There seems to be a problem with under-investigating people who have been given a CFS diagnosis, but I think that there's also a problem with over-treatment, even if it is in a form that is too often seen as 'management' that does not need informed consent.

    Also, I think that there's some reason to be concerned that there are perverse incentives with the way in which research takes place and is published, which can lead to unduly positive claims about the efficacy of treatments. When it comes to reporting poor results for an intervention one is financially, ideologically and professionally invested in:

    There's been lots of awareness of the problems around pharmaceutical research with the AllTrials campaign, and there also seems to be particular problems around psychology: http://www.biomedcentral.com/2050-7283/1/2

    There are also specific issues that make things particularly bad around CFS.

    Given these problems, I'm keen to avoid any CFS treatment until there is compelling new evidence which allows those who claim to be 'CFS experts' to be more genuinely informed and useful.

    PS: Jonathan Edwards Sorry to hear about your health scare, even though it thankfully worked out okay - best of luck with that continuing. Thanks for taking an interest in CFS and working to help... I feel a bit rude being critical of CFS research when you're just starting to research CFS! I have found that the better researchers are only too aware of the problems that surround a lot of medical research though, so don't think that this will be taken the wrong way.

    PPS: re NHS funding - they still fund homeopathy though! I hope that the current financial difficulties faced by the health service leads to some really serious thinking about how it is that they allocate resources, and how good the evidence for an intervention needs to be before it is recommended to patients. Cheap interventions which have just been shown to lead to minor improvements in self-reported symptoms in non-blinded and poorly controlled trials seem unlikely to be of much real value, even if they can tick the necessary boxes.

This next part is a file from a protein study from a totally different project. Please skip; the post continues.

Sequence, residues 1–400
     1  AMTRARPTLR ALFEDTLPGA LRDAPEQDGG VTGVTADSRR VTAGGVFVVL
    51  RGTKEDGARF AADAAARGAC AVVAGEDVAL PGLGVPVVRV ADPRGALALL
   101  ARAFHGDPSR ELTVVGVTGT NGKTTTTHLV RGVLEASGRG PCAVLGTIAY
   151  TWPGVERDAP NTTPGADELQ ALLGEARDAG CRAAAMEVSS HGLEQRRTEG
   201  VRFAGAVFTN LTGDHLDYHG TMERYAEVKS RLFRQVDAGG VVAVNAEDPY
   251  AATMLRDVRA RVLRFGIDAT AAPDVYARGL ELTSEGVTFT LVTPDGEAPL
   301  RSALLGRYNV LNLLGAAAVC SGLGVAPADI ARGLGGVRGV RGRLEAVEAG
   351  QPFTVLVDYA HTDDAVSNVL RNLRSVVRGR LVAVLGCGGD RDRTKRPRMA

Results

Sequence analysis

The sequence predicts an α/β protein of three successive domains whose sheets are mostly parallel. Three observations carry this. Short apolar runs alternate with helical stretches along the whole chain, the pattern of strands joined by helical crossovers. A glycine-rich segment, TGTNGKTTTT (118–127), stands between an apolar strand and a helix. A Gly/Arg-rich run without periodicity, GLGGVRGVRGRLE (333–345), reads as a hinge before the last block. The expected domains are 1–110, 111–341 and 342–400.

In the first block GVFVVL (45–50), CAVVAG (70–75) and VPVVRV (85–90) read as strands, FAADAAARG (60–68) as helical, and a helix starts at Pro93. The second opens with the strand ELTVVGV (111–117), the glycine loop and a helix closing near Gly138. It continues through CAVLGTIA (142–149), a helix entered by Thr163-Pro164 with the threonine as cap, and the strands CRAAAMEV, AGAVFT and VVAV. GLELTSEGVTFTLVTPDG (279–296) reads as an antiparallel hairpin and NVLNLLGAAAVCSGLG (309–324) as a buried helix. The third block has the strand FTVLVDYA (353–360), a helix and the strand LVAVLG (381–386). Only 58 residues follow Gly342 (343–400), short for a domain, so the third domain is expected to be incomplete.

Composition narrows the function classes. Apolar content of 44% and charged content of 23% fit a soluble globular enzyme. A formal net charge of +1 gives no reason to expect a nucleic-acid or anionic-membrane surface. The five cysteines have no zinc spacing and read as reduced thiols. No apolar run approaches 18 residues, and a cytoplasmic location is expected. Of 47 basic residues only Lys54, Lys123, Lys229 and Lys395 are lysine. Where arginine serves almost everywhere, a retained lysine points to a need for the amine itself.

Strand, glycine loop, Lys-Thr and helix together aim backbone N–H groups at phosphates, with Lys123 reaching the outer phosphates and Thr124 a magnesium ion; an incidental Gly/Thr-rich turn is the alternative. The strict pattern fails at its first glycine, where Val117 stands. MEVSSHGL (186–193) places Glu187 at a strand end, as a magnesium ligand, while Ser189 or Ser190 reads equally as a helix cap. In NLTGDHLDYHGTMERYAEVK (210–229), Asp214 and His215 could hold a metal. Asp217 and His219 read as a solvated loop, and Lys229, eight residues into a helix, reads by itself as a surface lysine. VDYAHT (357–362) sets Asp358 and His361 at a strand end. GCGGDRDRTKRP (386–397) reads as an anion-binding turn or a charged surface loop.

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  10. Kati

    Kati Patient in training

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    So, Jonathan Edwards,

    Now you can appreciate that the UK government will do everything in its power NOT to see ME as a devastating illness of biological origin, because they have everything to lose, notably health care cost, research, and yes admitting they were wrong for 30 years about this very inconvenient disease. The disability insurance industry has much to lose as well because covering a mental illness costs less than a lifelong physical illness.

    THe UK guidelines go all around the world. Here in Canada we have a brand new ME/FM and Lyme clinic. We are being told over and over 'there is no money for testing'. They do not even want to refer patients to other specialists. All they want is to enroll us into group therapy. There they will emphacize the holistic aspect of the disease, mostly the psyche, coping and the importance of exercise. Also at the opening ceremonies for this clinic, they said publicly they needed autopsies. So they are very keen to test the dead ones but certainly not the living.
    Valentijn and rosie26 like this.
  11. Jonathan Edwards

    Jonathan Edwards Senior Member

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    A lot of good points there Esther12, with which I agree. It is complicated, but maybe part of the reason for the CBT is that it is cheaper to send patients to an underpaid psychologist, who doesn't really want to be doing the job anyway but needs the money, than take up consultant time listening to people and explaining what is really known. I had better not go on or I will get into hot water.